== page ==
12 Weeks Off Work Without Pay: How I’m Preparing for Maternity Leave
Only 12% of American workers are elibigle to take 12 weeks of paid leave through their employer. Unfortunately, I am not one of them.
In 2015 – after the birth of my daughter, Rose – I was able to take seven full weeks off. I negotiated with my employer to work part time for five weeks after that before going back full time.
Now, I’m pregnant with my second child and plan to take a full 12 weeks off — but only if I can save enough to not work for three months.
I am fortunate to have some sick leave and vacation time I can put toward my maternity leave, but I’m still looking at around seven weeks of unpaid time. On top of the stress of preparing for a new baby, I worry about how my family will do without my paycheck.
My goal is to save around $800 per month, which I’ve mostly been able to hit thanks to a combination of freelancing, canceling my home alarm subscription and switching my daughter to a cheaper daycare.
Cutting back on expenses and saving from the time you find out you’re expecting until your last day at work can help put you in position to take unpaid time.
Being pregnant in America is no picnic, especially if you work full time and want to take a decent maternity leave. The Washington Post reports that the U.S. is one of only three countries that doesn’t guarantee paid maternity leave to new mothers. If you work for yourself or don’t qualify for paid time through your employer, it’s very possible you’ll have to take unpaid time off.
It goes without saying that you should come up with a saving plan right after that positive pregnancy test. The more time you have to prepare, the better off you’ll be once the baby arrives.
What Can You Live Without?
When I found out I was pregnant, I had recently paid off my car, so the first thing I did was put the equivalent of a car payment into a separate savings account each month. I was already used to having that money come out, so it was a no-brainer to transition it from car payment to maternity-leave savings.
While pregnant with Rose, my husband Ben and I decided to cut the cable cord so we could put money toward my maternity savings instead. Similarly, we switched our dog’s food from a premium brand to a Costco equivalent for a fraction of the price.
Making small, but significant, changes like this allowed us to build up our savings more quickly. We stuck with the Costco dog food and the no-cable policy after Rose was born, which helped lessen the impact of kid-related costs, such as formula and daycare.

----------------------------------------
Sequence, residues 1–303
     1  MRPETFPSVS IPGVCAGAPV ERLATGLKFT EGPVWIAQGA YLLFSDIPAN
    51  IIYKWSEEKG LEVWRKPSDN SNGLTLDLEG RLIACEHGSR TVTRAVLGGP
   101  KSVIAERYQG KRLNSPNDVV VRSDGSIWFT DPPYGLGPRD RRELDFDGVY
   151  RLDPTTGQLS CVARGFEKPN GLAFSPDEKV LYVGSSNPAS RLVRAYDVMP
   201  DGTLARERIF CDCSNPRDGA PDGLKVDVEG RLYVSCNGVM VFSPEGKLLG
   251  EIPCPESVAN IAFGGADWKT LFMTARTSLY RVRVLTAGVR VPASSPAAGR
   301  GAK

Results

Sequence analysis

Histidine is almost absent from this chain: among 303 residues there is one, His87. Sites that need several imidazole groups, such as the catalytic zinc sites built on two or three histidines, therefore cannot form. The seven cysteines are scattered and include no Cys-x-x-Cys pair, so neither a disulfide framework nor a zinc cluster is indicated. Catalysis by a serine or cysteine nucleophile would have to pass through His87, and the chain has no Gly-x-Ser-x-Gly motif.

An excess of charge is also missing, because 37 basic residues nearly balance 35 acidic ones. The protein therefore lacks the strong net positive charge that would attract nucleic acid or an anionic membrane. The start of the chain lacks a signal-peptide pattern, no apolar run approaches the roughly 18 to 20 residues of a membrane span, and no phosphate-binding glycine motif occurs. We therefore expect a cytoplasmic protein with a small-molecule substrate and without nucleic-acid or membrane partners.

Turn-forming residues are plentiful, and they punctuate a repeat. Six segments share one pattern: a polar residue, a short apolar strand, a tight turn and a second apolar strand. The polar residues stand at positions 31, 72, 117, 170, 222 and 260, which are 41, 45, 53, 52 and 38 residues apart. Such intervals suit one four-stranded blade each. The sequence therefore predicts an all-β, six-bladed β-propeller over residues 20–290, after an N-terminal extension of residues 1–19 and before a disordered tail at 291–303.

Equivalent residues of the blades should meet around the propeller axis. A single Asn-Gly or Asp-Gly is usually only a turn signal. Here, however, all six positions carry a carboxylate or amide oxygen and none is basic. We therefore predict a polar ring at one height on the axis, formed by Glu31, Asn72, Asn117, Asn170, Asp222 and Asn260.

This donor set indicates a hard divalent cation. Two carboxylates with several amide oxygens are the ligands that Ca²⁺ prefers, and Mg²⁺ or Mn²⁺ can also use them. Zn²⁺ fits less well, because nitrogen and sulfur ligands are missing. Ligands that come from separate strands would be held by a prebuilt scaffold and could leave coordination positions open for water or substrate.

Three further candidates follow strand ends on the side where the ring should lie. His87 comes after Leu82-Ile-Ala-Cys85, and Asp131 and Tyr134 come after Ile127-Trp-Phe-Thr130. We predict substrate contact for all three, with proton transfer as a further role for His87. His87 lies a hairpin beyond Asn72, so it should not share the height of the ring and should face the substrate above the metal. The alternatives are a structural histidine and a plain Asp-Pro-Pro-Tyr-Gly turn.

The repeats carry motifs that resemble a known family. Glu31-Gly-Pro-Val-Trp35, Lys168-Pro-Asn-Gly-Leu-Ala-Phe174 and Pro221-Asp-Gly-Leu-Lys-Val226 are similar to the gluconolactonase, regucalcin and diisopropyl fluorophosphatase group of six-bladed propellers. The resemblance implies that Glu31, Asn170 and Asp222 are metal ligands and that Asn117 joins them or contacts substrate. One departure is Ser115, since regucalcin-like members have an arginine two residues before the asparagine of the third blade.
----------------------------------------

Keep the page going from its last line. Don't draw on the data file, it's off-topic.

You might find some things you can cut permanently, but even temporary savings will build up that maternity leave fund more quickly. Consider using coupons when you shop or buying cheaper brands of food, toiletries and clothes.
MSN recommends sticking to generic versions of canned beans, meat, frozen fruits and veggies, snack foods and baking supplies (like sugar, baking soda and baking mixes) to make your budget go further. Cash-back apps, like Ibotta, can help put money back in your pocket when you shop at certain stores.
Consider All of the Expenses
Lost wages aren’t the only expense you’ll need to cover when you have your baby. You’ll also need to consider new expenses, such as medical bills, maternity clothes, baby supplies and even possible utility bill increases.
Just last week, I came home to a pile of bills that I wasn’t expecting. I had decent insurance coverage when I had Rose, so we paid minimal charges for prenatal care.
This time, we have a different insurance provider, which meant I opened a $900 bill from my 12-week ultrasound, and a few more bills for blood tests. In all, I had to pay $1,300 out of pocket for expenses I assumed would be covered. I have another ultrasound coming up at 20 weeks that I’m already anticipating will also produce a large bill.
Part of the problem was that I agreed to testing that wasn’t covered by my insurance provider. This was my fault for not calling ahead of time to check on my coverage. It’s a hard lesson to learn, but I know that before any future procedures I will call my insurance provider to make sure my out-of-pocket costs will be minimal.
You’ll also need new clothing to fit your growing belly. If this is your first pregnancy, you probably don’t have maternity clothes lying around, and buying them new can be expensive.
Hit up local mom groups on Facebook or in person to see if anyone has second-hand maternity clothes for sale rather than heading to the mall. Your local thrift store should have a selection as well, though I’ve found that mine is usually rather paltry. One Penny Hoarder mom spent less than $200 on her maternity wardrobe.
The same goes for new baby supplies. You can find some baby freebies online and load up that registry, but it will eventually come down to spending some cash. Check Facebook Marketplace and Craigslist first to get solid deals on used local pick-up items like highchairs and baby swings instead of paying a premium at baby boutiques.
Use Your Skills
Do you have any ways you can make extra money while you’re pregnant? Maybe you’re good at math and can offer tutor services, or you want to offer your services as a dog walker in exchange for some four-legged company. Chances are, you have a skill you can use to pocket some extra dollars to put toward your maternity fund.
As a writer and editor, I decided to put all my freelance income toward my maternity leave. That way I don’t have to take as much from my regular paycheck, so I can still enjoy the occasional Chipotle run when I’m exhausted and don’t feel like cooking.
Saving for maternity leave can seem daunting at first, but with a little planning and sacrificing you can put away a little each month to use once your little bundle of joy is born.
Catherine Hiles is a soon-to-be mother of two. When she’s not saving frantically for maternity leave, she enjoys running, cooking and rereading the Harry Potter series.